Black Sabbath is over, but there’ll be no shortage of salutes for Tony Iommi this month as a he turns 70 years of age. Iommi has had his own health scares in recent years, but nothing stopped him from completing Sabbath’s mammoth farewell tour of 2017, The End – the DVD and CD of the final show, from just over a year ago on February 3 2017, is in stores now.

Iommi undoubted rules in history as the most influential metal guitarist of all time: without him, heavy metal wouldn’t be what it is and probably wouldn’t exist at all.

Here’s a timely salute to the genius of metal’s riffmaster general, in his own words from interviews with and in a few words from ‘his singer’…

Black Sabbath

Because Iommi lost the tips of his fingers in a factory accident, a huge inspiration early on was “two fingered” jazz Django Reinhardt...

“He sparked me off - because of what happened to my fingers, he was inspirational. It was later on that I got really interested in jazz guitar. Joe Pass, I love.”

But he also likes instrumental twang and the blues…

“My original guitar influence was always The Shadows. But when I got into blues stuff… it didn’t even matter who the artist was. I just used to buy blues LPs, just to listen and learn. But I really liked John Mayall with Eric Clapton, the Bluesbreakers’ ‘Beano’ album.”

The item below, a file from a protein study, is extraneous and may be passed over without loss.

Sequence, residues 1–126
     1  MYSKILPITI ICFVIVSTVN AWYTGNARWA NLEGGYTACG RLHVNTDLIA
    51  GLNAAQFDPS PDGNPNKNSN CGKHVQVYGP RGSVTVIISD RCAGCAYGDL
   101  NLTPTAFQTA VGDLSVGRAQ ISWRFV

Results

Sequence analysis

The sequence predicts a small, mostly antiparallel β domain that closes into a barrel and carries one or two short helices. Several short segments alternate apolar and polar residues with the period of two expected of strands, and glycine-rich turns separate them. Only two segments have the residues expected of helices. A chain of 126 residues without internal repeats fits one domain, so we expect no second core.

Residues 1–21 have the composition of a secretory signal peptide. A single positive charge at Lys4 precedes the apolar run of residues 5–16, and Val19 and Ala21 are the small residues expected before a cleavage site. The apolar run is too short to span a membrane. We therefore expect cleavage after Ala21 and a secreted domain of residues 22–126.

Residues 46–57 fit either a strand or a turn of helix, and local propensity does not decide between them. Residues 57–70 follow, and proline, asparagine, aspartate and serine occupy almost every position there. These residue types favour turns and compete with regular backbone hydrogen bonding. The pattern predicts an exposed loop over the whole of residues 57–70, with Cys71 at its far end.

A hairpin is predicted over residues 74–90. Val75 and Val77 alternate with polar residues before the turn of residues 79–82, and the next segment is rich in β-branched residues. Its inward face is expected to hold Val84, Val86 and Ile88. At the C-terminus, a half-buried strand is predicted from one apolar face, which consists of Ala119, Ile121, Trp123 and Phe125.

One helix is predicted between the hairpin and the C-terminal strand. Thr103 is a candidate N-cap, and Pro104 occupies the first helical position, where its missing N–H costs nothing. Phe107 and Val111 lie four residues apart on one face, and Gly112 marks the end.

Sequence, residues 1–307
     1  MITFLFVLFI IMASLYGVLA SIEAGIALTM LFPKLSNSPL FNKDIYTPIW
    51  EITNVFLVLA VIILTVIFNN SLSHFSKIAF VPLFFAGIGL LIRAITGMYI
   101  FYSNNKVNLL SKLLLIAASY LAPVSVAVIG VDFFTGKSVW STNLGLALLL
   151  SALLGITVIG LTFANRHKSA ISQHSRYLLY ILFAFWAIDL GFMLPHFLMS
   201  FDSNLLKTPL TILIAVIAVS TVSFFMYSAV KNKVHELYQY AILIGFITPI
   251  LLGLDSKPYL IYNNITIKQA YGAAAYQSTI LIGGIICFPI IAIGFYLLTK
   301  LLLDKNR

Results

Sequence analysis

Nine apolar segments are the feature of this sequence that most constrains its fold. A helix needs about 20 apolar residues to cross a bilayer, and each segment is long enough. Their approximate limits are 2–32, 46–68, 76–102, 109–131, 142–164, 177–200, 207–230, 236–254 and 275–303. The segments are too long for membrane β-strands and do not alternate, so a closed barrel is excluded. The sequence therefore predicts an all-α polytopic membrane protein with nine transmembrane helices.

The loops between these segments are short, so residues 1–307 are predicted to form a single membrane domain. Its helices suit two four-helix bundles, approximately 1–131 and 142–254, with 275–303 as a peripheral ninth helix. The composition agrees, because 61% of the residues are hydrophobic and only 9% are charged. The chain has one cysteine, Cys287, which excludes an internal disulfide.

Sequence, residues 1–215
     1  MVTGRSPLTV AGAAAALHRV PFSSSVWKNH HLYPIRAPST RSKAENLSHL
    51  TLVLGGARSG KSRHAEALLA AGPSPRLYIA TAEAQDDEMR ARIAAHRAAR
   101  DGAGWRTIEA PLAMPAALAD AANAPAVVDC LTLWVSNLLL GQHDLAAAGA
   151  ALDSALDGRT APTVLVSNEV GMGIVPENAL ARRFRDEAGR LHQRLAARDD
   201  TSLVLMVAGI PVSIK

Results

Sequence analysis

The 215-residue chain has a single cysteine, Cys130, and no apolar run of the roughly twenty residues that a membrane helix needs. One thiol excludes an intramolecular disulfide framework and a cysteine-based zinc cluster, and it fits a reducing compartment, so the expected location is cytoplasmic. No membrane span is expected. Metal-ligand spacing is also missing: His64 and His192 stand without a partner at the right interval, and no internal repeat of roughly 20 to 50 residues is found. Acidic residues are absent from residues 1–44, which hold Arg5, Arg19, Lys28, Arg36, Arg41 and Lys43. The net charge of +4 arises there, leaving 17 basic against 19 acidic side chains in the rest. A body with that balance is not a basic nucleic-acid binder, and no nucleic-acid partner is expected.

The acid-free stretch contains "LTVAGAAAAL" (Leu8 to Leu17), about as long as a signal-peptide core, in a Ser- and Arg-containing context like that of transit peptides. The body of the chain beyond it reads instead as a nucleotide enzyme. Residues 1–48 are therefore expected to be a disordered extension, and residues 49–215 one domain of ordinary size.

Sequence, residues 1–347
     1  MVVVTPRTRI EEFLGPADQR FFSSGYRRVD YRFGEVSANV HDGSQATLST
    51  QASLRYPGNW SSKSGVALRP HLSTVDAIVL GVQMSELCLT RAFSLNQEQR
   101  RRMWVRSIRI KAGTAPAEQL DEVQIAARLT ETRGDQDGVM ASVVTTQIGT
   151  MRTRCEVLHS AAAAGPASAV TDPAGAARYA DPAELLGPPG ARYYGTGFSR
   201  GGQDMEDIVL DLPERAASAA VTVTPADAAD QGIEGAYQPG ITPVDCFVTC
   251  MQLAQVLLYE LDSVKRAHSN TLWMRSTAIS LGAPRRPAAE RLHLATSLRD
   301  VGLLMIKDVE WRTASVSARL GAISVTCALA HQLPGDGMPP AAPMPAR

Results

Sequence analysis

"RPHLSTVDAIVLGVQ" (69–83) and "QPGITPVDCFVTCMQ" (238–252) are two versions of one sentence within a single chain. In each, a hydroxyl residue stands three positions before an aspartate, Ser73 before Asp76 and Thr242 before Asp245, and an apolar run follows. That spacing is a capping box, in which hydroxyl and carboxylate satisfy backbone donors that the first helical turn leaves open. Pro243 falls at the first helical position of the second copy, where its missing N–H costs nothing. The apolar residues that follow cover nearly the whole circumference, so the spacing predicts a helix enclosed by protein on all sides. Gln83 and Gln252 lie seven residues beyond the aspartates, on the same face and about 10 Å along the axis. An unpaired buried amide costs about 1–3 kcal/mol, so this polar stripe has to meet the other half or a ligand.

Tony loves his Gibson SGs…

“You could get to the top frets easily on an SG, and it was light. The SG was just ideal for me. Once I’d recorded the Black Sabbath debut album I never went back. It was a bit touch-and-go at the time. I was using very light strings, the SG’s neck was not all that stable – you could bend the neck and it went ‘oooo-wee-ooo,’ But that original was a great guitar, I used it for many years.

“My original SG is now on display at the Hard Rock Café in New York. I modified it a lot. I put polyurethane on the frets so I could slide chords and solos easier. I play with thimbles on my fingers, so I had to make every guitar work for me. In remember Brian May (of Queen) picking up my guitars once and he just said: ‘that’s so different to any guitar, how do you even play that?’”

but Tony also reckons he’ll always just sound like he does whatever he plays!

“I do have a Telecaster... but I never play it. A Les Paul? Yeah, I could get my sound from a Les Paul, I’m sure. Again, I did a track with Brian May years ago, and I gave him one of my Gibson SGs and a Vox AC30… and he sounded just like Brian May always did. It’s not always just gear.”

He found it hard writing his Iron Man memoir… but he did enjoy sharing some Sabbath secrets, such as when Led Zeppelin’s John Bonham jammed with Sabbath...

“Are there tapes of that jam? I really don’t know. They might exist on the end of some master-tapes we had, but I certainly don’t have them. John was a good friend, best man at my first wedding, and he liked us. We jammed through ‘Supernaut’ (from 1972 Sabbath album Vol 4.) John loved that track. Though we ended up just jamming 12-bar blues at the end. ‘Supernaut’ got too complicated for John! He was going all over the place.”

Ozzy Osbourne says Tony Iommi is like no-one else he’s ever played with.